### Table 12. Interaction of lexical, syntactic and semantic information in KPs.

2004

"... In PAGE 10: ... Semantic information in KPs. KP Semantic Link Semantic category Expected variations is a amp;home for Synonymy Home house, living-place, roof are ^colour Hypernym Colour brown, blue, green is a ^time when Hypernym Time period, moment is an amp;amount of Synonymy Amount Quantity Although each kind of token has a value when used alone Table12 shows some possible interactions, and this is that type of search that would include lexical, syntac- tic and semantic information, providing a quite flexible way of getting access to ... ..."

### TABLE 44.3.3 The time complexity of some fundamental graph drawing problems: trees. k is a xed constant k 1. CLASS OF GRAPHS PROBLEM TIME COMPLEXITY tree draw as the Euclidean minimum span- ning tree of a set of points in the plane NP-hard

### Table 1.8: The time complexity of some fundamental graph drawing problems: trees. We denote with k a xed constant such that k 1. Class of Graphs Problem Time Complexity Source tree draw as the Euclidean minimum spanning tree of a set of points in the plane

1997

Cited by 14

### Table 5.1: The equations to calculate the values of width for a node and the values of reference and level for the children 1; . . .; d of . We show that the calculations of these attributes can be maintained by storing T as a linear attribute grammar (see section 3.4). Lemma 5.2 Using the equations in table 5.1, the attributes width, level, and reference for the 2-drawing of a tree T can be maintained as a linear attribute grammar. Proof: Consider a node of T. The only synthesized attribute of is width( ). The inherited attributes are level( ) and reference( ). By de nition 3.19, we need to show that the precedence graph G of T is acyclic and all dependencies are linear.

### Table 1: Drawing Performance. We show two performance measures for our drawing and culling algorithm: the time to draw the scene with vs. without culling, and the number of nodes drawn (with culling). Our new method achieves a near-constant drawing time for any size tree. Note that for the largest tree, we are not able to enqueue all nodes in the tree as the size of the vector grows too large for the applica- tion to t in main memory.

"... In PAGE 5: ... Both drawing and culling are now based entirely on tree topology, and do not depend on any properties of Grid- Cells. In addition, there is now little bene t to drawing items in order of importance , because our drawing algo- rithm requires a nearly constant amount of work after the dataset size surpass a particular point ( Table1 ). We elimi- nate the extreme performance penalty of updating a sorted queue of items to be drawn, instead using a simple FIFO.... ..."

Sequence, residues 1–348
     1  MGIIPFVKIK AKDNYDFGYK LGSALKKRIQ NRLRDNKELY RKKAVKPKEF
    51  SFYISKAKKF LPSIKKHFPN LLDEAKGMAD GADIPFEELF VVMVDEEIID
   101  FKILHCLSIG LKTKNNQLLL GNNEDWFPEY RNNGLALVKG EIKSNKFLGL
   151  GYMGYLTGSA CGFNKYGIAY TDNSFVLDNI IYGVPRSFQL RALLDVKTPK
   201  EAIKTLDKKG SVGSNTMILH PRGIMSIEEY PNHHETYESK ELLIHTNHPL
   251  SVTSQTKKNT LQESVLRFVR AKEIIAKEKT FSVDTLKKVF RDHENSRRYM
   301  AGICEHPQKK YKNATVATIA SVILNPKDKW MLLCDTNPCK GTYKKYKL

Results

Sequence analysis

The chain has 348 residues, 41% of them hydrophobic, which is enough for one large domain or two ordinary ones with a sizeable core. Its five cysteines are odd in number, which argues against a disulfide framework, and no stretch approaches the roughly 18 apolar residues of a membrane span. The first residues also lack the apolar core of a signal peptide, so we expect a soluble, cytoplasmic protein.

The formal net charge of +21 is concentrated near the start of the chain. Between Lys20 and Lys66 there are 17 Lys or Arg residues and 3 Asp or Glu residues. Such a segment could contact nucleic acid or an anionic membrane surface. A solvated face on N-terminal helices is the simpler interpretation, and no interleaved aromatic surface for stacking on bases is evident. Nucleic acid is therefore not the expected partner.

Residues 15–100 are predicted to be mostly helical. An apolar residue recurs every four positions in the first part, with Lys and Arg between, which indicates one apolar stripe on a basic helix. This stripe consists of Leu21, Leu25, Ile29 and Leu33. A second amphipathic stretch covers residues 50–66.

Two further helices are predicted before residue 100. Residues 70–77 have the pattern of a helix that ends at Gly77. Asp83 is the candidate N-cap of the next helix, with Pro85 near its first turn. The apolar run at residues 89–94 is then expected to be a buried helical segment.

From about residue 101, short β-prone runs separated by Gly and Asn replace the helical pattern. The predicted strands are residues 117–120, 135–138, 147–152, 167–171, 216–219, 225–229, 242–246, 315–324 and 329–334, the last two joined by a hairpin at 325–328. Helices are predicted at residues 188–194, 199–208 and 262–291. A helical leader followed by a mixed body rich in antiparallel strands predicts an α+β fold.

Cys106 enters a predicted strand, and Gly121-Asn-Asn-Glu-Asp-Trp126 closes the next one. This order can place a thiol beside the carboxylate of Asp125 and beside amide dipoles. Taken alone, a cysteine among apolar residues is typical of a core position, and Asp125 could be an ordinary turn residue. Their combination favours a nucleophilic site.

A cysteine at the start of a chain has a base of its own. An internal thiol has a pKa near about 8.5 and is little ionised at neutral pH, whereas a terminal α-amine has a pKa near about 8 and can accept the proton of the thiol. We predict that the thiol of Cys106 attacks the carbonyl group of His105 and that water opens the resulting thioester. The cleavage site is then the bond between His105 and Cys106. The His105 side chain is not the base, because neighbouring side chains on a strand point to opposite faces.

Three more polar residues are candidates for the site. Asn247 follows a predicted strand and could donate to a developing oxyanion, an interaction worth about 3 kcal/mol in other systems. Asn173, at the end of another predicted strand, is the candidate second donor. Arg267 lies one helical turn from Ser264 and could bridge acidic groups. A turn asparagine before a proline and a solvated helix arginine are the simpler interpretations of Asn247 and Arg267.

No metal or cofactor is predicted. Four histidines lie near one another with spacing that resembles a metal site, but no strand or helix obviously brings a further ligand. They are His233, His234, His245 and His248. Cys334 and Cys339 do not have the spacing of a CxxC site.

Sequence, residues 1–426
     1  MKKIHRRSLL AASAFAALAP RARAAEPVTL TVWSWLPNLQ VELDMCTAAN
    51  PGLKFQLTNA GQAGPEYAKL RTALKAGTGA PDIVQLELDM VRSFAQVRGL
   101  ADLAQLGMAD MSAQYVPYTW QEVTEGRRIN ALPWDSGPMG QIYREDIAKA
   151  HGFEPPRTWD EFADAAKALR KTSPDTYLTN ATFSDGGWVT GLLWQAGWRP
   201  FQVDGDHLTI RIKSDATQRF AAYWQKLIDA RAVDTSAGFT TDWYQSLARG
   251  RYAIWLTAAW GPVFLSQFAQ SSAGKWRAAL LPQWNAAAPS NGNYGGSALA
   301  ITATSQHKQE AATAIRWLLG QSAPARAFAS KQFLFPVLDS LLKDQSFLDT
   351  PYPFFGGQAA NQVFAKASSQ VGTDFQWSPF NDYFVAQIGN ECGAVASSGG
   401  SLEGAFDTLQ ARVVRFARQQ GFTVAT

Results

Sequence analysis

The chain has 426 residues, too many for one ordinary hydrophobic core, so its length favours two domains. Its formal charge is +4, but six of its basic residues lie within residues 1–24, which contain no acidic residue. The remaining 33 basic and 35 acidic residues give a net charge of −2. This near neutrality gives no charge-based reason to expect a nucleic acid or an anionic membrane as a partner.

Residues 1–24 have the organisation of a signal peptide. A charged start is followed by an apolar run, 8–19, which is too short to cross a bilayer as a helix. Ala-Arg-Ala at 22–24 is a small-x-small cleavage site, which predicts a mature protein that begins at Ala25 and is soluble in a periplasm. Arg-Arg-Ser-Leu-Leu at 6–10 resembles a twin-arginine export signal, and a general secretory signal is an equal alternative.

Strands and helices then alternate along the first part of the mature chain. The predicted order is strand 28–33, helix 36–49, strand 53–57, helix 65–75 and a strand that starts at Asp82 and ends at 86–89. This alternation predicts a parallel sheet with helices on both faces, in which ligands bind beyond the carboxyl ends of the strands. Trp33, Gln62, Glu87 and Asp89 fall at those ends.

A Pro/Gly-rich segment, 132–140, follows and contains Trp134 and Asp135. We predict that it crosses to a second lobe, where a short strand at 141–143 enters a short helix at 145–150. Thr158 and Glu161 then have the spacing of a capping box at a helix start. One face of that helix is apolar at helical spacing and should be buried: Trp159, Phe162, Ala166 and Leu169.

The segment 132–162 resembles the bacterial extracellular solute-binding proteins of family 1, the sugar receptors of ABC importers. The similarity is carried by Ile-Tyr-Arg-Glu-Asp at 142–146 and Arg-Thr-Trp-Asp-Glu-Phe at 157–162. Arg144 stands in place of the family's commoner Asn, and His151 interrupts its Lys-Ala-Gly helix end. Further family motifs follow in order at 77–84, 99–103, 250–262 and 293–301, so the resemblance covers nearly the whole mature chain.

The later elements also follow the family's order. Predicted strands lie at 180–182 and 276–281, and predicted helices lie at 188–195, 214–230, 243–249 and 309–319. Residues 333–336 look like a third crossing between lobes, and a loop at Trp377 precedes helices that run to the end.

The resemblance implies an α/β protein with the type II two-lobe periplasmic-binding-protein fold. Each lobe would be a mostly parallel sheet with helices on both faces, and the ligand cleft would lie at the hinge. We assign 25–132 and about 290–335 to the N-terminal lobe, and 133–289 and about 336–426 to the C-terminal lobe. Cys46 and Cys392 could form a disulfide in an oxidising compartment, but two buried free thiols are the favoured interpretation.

### Table 1 Area-requirements for planar grid tree drawings. not vertices of G. ? is an orthogonal drawing (see Fig. 1.c) if each edge is a chain of alternating horizontal and vertical segments. A grid drawing is such that the vertices and bends along the edges have integer coordinates. Planar drawings, where edges do not intersect, are especially important because they improve the readability of the drawing, and, in the context of VLSI layouts, they simplify the design process [2, 19, 28]. An upward drawing of a directed graph is such that every edge is a curve monotonically nondecreasing in the vertical direction (when traversed along the direction of the edge).

1996

Cited by 12

### Table 5: Tree options

"... In PAGE 79: ...xx(btex This is a new root etex); newTree.x(xx)(ff); drawObj(x); Tree options Table5 shows which options are supported by a Tree. A Tree constructor also accepts connection options (see section 5.... ..."

### Table 7.4 schematically compares the known results on weak fl-drawability against those on strong fl-drawability for the family of trees. Each row corresponds to a difierent interval of fl and reports the maximum vertex degree k that a tree can have to admit a strong or weak fl-drawing for some values of fl in the interval. Of particular interest is the value fl = 2, where a remarkable difierence in the family of drawable trees can be noticed depending on whether the region of in uence is assumed to be an open set (in which case it coincides with the relative neighborhood region) or a closed set (in which case it coincides with the relatively closest region).

### Table 4. Average misclassification rate and tree size of all artificial data sets per ratio of nonmonotonicity. The column Frac. Mon. gives the fraction of monotone trees generated by the standard algorithm.

"... In PAGE 10: ...Table4 summarizes the results of our experiments with the artificial data sets. Each artificial data set was generated by making random draws from a pre- specified tree model.... ..."

Cited by 1

### Table 3: Schematic Architecture of WinKE In the data layer information about the tree structure is stored in the Tree Database. Parallely the Graphics Database contains a graphical description of the currently displayed proof tree. That description can be calculated directly given the information from the Tree Database by applying the tree drawing algorithm mentioned before. The middle layer is the so-called internal layer. This is where the actual computations take place. The Internal Graphics Manager takes the infor- mation from the Graphics Database and passes it on to the Graphic Window Manager, which nally displays it on the screen. User inputs that directly a ect the graphics come either through the Graphic Window Manager (e.g. mouse clicks) or the Tool Manager to the Internal Graphics Manager. The Internal Graphics Manager informs the Tree Manager about such events. 19

"... In PAGE 18: ... 5.3 System Architecture In Table3 a schematic representation of the architecture underlying WinKE is given. The system can be seen as divided into three layers.... ..."